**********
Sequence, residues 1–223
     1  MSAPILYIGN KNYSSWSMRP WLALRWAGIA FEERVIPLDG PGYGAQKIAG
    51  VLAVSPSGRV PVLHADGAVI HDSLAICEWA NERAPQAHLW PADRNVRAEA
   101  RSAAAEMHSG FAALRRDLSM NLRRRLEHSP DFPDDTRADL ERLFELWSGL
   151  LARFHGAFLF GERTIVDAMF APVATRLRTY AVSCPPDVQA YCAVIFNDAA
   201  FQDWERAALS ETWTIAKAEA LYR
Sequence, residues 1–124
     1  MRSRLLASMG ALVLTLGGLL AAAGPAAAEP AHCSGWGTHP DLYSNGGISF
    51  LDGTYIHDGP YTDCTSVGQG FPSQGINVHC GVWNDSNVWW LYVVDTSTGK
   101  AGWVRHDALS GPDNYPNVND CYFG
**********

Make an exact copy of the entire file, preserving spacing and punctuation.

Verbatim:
Sequence, residues 1–223
     1  MSAPILYIGN KNYSSWSMRP WLALRWAGIA FEERVIPLDG PGYGAQKIAG
    51  VLAVSPSGRV PVLHADGAVI HDSLAICEWA NERAPQAHLW PADRNVRAEA
   101  RSAAAEMHSG FAALRRDLSM NLRRRLEHSP DFPDDTRADL ERLFELWSGL
   151  LARFHGAFLF GERTIVDAMF APVATRLRTY AVSCPPDVQA YCAVIFNDAA
   201  FQDWERAALS ETWTIAKAEA LYR
Sequence, residues 1–124
     1  MRSRLLASMG ALVLTLGGLL AAAGPAAAEP AHCSGWGTHP DLYSNGGISF
    51  LDGTYIHDGP YTDCTSVGQG FPSQGINVHC GVWNDSNVWW LYVVDTSTGK
   101  AGWVRHDALS GPDNYPNVND CYFG